- France's government, grappling with escalating riots, promises to consider "all options" to restore order.
- Aided by a fourfold increase in police deployments, authorities have made hundreds of arrests, yet hundreds of officers have been injured.
- President Emmanuel Macron, amid the turmoil, is en route to Paris for a second crisis cabinet meeting, leaving a state of emergency declaration in question.
In the face of widespread civil unrest escalating into damaging riots - the likes of which have not been seen since a contentious police-related teenager's death - the French government has assured its citizenry that it is considering "all options" to reinstate tranquility and order.
The severity of the situation escalated as hundreds of law enforcement officials suffered injuries, while the corresponding number of arrests reached into the hundreds as well. Conflicts between law enforcement and rioters surged through various towns and cities across the country, leaving in their wake a scorched trail of buildings, vehicles, and pillaged stores.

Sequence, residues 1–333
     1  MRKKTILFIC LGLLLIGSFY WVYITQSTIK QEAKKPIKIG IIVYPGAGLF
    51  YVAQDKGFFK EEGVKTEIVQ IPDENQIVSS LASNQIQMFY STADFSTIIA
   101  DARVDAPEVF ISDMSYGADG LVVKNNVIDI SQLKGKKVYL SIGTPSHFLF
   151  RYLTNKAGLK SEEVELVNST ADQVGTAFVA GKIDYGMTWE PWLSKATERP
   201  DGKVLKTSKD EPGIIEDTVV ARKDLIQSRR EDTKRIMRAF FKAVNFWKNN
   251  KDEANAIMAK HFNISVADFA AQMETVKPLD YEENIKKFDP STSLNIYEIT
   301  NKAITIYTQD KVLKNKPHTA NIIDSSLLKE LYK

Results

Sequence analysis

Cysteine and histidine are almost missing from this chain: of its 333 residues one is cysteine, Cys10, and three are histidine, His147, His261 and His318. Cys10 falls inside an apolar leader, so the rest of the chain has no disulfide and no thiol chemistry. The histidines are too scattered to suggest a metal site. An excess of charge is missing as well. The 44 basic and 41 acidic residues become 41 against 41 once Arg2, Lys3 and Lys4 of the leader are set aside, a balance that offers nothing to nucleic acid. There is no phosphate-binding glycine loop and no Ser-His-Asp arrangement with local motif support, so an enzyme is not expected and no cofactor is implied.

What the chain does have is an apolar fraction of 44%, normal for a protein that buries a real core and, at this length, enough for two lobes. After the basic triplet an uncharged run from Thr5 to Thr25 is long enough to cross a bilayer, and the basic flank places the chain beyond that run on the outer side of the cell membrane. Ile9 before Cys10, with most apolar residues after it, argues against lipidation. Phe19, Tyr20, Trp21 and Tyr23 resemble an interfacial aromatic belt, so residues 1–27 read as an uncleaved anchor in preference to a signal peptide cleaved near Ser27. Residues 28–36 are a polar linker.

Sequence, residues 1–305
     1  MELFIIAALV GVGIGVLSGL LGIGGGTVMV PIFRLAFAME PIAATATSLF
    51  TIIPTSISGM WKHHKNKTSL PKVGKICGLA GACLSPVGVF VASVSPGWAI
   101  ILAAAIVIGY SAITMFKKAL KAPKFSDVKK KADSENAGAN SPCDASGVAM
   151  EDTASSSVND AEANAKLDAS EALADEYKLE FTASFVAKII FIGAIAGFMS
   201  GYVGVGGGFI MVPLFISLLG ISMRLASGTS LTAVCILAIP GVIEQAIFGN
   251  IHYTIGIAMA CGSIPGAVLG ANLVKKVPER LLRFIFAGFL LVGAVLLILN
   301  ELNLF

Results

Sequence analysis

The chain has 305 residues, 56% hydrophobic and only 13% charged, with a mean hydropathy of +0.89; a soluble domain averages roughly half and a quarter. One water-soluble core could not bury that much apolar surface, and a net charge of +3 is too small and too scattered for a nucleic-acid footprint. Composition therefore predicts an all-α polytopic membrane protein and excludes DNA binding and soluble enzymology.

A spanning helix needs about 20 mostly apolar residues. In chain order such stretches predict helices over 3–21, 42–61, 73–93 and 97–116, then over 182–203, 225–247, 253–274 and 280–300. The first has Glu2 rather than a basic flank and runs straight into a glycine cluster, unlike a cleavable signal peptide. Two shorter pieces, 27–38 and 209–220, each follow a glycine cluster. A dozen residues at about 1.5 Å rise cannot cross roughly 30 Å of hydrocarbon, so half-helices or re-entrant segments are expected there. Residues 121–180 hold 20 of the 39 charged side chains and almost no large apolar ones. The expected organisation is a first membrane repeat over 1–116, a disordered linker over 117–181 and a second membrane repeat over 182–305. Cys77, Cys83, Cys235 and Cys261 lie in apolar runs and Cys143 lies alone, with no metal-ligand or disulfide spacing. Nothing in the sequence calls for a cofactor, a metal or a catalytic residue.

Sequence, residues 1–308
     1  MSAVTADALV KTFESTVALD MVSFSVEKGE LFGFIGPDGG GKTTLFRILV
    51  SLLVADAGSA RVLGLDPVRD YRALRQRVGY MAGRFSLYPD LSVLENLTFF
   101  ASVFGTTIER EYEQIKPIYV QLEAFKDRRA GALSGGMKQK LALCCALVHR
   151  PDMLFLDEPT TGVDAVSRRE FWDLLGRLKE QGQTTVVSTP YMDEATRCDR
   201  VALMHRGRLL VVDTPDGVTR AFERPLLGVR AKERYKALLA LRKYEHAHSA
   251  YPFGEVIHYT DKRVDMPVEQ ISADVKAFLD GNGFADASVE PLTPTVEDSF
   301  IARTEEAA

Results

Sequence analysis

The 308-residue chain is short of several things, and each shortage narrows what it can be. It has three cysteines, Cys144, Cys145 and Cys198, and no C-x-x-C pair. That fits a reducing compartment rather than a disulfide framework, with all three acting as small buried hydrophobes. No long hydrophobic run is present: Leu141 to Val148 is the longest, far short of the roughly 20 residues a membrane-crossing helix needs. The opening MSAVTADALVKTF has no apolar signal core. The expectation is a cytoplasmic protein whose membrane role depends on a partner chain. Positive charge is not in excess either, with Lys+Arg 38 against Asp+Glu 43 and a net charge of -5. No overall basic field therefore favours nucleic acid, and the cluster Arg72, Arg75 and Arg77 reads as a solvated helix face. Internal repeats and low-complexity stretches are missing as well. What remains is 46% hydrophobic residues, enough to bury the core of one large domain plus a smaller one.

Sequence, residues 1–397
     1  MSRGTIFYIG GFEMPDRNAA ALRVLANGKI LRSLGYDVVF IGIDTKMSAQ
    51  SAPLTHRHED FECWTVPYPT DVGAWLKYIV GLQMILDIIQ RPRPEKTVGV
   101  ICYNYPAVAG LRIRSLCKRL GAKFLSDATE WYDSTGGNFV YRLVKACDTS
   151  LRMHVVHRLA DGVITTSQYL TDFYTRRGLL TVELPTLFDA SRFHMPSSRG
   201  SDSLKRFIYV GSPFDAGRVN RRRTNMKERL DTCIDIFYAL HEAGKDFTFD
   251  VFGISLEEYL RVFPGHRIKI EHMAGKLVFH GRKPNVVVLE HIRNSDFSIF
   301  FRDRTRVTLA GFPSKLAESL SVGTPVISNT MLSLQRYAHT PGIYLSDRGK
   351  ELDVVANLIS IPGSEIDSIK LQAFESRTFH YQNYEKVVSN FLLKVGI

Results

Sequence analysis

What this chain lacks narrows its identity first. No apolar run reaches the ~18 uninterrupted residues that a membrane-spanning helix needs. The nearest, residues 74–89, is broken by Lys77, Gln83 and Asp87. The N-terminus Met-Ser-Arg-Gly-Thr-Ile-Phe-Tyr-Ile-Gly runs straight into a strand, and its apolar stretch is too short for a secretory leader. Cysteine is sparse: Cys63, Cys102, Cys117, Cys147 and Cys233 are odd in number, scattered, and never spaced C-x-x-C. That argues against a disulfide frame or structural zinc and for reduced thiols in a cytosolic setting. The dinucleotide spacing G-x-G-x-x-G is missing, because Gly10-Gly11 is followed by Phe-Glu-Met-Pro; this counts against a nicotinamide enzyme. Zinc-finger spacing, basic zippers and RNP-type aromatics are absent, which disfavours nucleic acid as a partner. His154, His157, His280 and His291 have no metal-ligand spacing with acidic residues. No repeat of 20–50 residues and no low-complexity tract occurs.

Gerald Darmanin, the Interior Minister, reported a monumental increase in police deployments - a fourfold rise to an impressive 40,000 officers, in an attempt to suppress the chaotic wave of disturbance. Despite these measures, the third night of unrest culminated in a staggering 667 arrests, as noted by Darmanin via Twitter.
The consequences of these clashes have been deeply felt within the law enforcement community. Official tallies state that 249 officers were injured nationwide. Further, 79 police posts have been attacked alongside 119 public buildings - a list that includes 34 town halls and 28 schools.
At the center of this maelstrom, President Emmanuel Macron has not yet declared a state of emergency. Currently on his way back to Paris from Brussels, after prematurely leaving a European Union summit, Macron is expected to attend a second crisis cabinet meeting in as many days.
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